Olfactory mark is one such non-conventional trademark In India : A Legal Enigma


An olfactory mark is one such non-conventional trademark. The field of Intellectual Property has grown significantly over time, particularly in the field of trademarks, as it has recently undergone a lot of development. However, as technology and commodities evolve, certain kinds of non-conventional trademarks emerge in the market that are left outside the scope of the existing legal framework in India, due to their unusual nature. An olfactory mark is one such non-conventional trademark.

Smell is the most basic of five senses and it means to “perceive the odour or scent of something through stimuli affecting the olfactory nerves”. This creates images in a person’s mind, which play a significant influence in a consumer’s choice to purchase a product. Despite its significance, the idea of olfactory marks lacks general acceptance due to the ambiguous position and non-uniformity of national legislation. The explanation for this disparity in olfactory mark registration is that they are subjectively defined and hence open to interpretation. As a result, there have been several disputes over the legality of such olfactory marks and their registration. The purpose of this blog is to examine the current legal regime governing olfactory marks in India.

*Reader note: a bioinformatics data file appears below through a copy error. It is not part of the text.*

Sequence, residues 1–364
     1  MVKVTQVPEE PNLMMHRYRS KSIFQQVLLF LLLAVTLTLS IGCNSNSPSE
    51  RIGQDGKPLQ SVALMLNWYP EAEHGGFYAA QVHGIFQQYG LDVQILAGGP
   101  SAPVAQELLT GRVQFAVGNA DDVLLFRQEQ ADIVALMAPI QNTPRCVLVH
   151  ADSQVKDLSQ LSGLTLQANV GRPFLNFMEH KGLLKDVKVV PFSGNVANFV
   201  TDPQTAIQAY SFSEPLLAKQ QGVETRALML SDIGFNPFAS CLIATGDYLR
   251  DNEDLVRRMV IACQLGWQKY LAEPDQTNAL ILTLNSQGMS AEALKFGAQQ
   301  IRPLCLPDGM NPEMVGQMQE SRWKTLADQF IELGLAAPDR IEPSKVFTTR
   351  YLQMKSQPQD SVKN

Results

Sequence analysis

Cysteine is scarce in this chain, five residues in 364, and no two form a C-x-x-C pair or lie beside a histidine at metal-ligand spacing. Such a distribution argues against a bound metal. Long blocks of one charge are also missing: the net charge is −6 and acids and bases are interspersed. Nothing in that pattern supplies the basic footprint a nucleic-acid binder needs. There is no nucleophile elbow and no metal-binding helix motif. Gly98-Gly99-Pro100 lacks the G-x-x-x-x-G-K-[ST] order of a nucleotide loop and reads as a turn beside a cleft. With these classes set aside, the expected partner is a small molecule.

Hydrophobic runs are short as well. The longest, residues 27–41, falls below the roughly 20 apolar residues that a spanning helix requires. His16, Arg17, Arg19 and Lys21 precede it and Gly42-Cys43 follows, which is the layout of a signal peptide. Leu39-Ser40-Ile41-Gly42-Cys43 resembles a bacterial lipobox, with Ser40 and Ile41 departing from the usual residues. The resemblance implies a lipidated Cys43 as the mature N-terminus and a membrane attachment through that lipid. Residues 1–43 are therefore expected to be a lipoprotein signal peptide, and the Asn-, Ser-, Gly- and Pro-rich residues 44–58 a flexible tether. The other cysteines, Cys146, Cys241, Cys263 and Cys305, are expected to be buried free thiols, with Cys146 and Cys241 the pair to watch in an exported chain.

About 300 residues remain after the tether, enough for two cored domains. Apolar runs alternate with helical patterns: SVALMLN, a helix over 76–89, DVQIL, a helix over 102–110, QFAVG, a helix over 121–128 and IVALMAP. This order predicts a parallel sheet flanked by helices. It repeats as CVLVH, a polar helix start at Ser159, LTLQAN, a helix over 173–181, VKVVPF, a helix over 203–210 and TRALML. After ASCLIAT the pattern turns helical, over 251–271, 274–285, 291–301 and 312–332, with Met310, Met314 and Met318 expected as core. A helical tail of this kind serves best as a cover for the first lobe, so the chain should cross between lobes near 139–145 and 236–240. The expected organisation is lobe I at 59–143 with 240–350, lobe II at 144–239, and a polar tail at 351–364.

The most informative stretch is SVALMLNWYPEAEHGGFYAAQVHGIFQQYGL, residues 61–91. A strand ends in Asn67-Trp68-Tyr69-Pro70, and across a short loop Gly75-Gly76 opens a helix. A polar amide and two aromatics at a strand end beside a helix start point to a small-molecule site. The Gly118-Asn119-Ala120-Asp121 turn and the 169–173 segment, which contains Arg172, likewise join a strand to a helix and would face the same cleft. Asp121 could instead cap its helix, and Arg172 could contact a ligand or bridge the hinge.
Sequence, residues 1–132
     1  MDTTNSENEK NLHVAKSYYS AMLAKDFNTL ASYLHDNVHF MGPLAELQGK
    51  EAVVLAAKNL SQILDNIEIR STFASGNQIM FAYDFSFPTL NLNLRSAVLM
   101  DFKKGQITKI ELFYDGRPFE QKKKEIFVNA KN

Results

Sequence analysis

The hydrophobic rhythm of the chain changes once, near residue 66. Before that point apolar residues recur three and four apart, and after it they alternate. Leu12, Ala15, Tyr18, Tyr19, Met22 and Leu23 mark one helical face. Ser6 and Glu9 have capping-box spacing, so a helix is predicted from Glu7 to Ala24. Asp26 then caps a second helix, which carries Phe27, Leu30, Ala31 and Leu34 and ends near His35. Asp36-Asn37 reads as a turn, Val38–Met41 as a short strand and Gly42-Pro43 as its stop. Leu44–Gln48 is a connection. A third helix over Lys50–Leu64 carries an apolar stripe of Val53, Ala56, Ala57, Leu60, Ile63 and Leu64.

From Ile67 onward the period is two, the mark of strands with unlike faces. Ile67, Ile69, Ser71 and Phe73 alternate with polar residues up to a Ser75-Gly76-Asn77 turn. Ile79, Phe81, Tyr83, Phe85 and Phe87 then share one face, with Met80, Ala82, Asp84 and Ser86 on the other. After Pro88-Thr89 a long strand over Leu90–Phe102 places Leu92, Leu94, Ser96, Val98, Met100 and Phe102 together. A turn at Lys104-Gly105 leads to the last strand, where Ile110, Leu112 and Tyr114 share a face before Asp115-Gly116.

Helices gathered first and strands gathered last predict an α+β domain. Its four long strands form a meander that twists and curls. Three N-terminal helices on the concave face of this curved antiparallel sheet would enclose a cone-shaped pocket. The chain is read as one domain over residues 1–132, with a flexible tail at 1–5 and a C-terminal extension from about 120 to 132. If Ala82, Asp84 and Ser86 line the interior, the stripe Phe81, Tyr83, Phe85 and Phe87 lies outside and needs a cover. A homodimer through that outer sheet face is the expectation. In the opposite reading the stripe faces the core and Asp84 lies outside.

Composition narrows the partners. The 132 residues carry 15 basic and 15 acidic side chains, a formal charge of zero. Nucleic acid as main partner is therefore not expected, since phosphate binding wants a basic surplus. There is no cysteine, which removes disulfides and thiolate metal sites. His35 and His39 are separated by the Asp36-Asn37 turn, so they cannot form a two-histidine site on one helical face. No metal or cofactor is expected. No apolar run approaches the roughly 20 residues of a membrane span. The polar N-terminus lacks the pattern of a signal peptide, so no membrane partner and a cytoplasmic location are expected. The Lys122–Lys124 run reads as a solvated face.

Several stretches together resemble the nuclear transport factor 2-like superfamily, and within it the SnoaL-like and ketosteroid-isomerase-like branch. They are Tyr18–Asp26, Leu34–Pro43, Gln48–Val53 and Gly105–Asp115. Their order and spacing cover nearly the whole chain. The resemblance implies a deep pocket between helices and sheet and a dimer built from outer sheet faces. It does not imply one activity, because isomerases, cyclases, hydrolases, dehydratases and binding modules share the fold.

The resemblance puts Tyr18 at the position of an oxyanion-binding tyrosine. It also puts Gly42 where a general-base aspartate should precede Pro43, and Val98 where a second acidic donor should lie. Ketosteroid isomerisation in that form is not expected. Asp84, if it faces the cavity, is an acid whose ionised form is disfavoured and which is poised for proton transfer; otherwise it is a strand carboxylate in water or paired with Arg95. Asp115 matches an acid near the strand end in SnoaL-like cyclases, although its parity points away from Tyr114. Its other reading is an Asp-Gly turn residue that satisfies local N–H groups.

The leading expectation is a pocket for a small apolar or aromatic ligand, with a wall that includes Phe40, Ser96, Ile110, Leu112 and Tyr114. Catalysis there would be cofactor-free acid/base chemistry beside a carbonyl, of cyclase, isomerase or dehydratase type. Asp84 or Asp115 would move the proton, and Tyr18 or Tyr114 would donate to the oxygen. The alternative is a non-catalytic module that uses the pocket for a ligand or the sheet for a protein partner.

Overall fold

The “Trade Related Intellectual Property Rights Agreement (TRIPS)” which applies to 164 members of WTO serves as the foundation of the intellectual property regime in India. The TRIPS agreement includes trademarks, patents, copyright, industrial designs, geographical indications, and trade secrets.